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Date:	Thu, 7 Aug 2014 08:53:56 -1000
From:	Linus Torvalds <torvalds@...ux-foundation.org>
To:	Richard Weinberger <richard@....at>
Cc:	Stephen Rothwell <sfr@...b.auug.org.au>,
	"linux-kernel@...r.kernel.org" <linux-kernel@...r.kernel.org>,
	Linux-Arch <linux-arch@...r.kernel.org>
Subject: Re: [GIT PULL] Global signal cleanup

On Wed, Aug 6, 2014 at 9:35 PM, Richard Weinberger <richard@....at> wrote:
>
> It would be nice to see these rules written down somewhere.

The rules have been pretty clear: "don't rebase public trees".

That's always been the basic rule. There are _exceptions_ when
rebasing is the right thing to do, and they all boil down to "lesser
of two evils", but the evils really have to be pretty big.

Possible reasons to rebase:

 (a) It's not public yet. You haven't pushed to kernel.org or any
other public site, and nobody saw you do it.

     You can rebase to your hearts content, although you should still
use sane logic (ie don't rebase on top of random "merge window kernel
of the day" for example: choose a good starting point, like a previous
release, or something else that makes sense)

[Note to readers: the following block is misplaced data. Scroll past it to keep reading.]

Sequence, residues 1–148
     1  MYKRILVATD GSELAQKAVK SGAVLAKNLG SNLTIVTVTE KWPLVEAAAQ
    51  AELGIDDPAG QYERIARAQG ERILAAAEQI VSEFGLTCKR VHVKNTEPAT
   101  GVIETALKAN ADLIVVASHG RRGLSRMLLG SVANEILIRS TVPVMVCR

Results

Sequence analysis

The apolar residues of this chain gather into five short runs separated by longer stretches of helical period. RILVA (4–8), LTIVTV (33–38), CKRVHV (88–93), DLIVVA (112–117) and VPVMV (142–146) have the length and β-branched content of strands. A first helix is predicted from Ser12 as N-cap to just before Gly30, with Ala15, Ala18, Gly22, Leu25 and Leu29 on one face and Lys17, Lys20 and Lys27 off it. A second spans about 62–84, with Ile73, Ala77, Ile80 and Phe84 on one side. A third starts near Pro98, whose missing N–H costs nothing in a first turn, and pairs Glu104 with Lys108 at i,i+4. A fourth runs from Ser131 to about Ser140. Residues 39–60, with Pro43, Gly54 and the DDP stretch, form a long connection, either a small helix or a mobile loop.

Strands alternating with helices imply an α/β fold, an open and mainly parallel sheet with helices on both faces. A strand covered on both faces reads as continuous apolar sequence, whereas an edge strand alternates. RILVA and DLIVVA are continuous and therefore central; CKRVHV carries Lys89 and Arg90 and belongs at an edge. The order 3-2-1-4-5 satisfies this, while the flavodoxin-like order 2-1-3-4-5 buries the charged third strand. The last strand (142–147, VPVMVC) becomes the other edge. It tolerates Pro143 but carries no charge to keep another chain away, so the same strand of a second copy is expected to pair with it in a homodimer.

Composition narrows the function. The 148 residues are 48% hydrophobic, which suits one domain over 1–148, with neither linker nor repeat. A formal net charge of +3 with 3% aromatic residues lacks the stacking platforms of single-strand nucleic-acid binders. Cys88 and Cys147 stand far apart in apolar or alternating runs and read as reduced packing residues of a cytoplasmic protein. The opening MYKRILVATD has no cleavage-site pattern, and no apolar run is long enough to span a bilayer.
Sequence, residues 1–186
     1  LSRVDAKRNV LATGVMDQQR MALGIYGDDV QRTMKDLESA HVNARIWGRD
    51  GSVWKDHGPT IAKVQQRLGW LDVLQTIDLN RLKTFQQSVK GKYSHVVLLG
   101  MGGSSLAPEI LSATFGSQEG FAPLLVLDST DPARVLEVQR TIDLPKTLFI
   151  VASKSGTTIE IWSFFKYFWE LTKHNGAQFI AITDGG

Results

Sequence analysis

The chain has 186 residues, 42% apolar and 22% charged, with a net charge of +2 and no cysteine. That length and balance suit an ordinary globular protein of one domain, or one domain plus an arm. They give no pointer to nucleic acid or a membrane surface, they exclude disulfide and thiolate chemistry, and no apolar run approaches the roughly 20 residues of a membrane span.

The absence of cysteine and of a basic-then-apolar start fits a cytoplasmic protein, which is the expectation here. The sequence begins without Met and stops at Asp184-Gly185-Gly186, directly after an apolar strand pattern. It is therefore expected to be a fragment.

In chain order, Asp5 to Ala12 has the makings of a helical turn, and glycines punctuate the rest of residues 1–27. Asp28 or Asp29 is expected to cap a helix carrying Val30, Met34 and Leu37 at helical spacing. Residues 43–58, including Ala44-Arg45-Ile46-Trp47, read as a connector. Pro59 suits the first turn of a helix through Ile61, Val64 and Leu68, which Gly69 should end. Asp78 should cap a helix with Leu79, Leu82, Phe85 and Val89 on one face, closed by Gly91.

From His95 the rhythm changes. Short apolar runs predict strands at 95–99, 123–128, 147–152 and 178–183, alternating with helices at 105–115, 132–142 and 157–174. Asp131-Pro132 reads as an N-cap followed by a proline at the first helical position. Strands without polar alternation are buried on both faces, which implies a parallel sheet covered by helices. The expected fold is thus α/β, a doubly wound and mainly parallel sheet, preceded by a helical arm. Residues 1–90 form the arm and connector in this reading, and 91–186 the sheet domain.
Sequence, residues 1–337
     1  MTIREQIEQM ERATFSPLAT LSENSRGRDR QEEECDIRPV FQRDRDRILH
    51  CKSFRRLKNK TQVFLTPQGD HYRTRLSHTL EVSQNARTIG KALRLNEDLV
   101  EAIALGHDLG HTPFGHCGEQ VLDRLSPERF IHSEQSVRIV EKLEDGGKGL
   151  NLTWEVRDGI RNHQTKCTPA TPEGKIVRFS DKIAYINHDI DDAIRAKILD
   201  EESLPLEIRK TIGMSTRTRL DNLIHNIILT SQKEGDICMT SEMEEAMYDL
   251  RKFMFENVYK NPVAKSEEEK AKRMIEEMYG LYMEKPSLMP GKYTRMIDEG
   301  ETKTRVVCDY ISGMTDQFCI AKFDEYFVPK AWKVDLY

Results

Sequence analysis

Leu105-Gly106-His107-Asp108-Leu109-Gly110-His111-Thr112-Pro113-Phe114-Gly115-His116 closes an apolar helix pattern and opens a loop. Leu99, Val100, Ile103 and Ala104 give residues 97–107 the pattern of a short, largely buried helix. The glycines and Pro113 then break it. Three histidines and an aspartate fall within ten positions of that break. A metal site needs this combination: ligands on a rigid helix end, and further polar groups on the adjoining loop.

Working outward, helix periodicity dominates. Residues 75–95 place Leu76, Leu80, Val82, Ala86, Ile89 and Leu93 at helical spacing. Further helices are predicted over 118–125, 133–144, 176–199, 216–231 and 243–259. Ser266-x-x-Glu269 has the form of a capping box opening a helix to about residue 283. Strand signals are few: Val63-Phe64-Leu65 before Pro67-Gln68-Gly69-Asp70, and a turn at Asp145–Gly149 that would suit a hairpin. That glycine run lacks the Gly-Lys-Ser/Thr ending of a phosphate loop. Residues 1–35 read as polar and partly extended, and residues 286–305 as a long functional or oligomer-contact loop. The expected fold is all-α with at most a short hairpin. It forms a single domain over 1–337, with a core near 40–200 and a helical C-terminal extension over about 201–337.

"git rebase" is a great tool for a developers own _private_ data.
It's a great way to split patches up in smaller pieces, or to combine
half-way work, or to re-order patches to be more logical. And as long
as you're doing development on your own, there are no downsides as
with the whole next confusion.

 (b) You *really* screwed up, and the downsides of rebasing are
smaller than the downsides of exposing it.

     As in "oops, that half-way commit doesn't even compile or work at
all, so leaving it in that state will screw up anybody trying to find
other bugs with 'git bisect'"

     At the same time, if you do this just before pushing to me, maybe
you should take a step back and say "oops, my tree was completely
broken, maybe I shouldn't push this to Linus just after fixing it".

 (c) You want to clean things up, and you're not even remotely ready
to push things upstream, and while people have *seen* your work,
nobody relies on it or uses it.

     In other words, your branch was a "Work-in-Progress", and you
preferably let people know it was that.

     Again, rebasing just before pushing to me is *not* good. See the
"really screwed up" thing. If it was WIP code, it doesn't suddenly
become release-quality just because you rebase it.

There may be other reasons, but those are the three main ones. In
general, "rebase just before asking somebody to pull" is just a bad
idea. It either fixed some big problem (in which case it should have
gotten more time before being pushed), or it fixes something truly
trivial (in which case the downsides of sudden rebases outweigh the
upsides).

              Linus
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